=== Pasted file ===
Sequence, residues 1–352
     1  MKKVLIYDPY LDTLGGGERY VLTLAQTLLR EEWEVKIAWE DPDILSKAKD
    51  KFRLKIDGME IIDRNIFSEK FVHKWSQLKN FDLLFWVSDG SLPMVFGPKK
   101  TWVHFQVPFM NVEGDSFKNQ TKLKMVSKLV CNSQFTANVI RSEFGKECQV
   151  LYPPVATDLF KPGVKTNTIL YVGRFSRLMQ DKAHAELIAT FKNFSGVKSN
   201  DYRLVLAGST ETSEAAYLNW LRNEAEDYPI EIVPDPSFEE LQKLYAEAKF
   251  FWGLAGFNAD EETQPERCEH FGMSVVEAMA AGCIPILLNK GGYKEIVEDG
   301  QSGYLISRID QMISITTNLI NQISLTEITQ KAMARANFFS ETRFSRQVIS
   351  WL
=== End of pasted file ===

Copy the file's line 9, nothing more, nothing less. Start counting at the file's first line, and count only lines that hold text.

   351  WL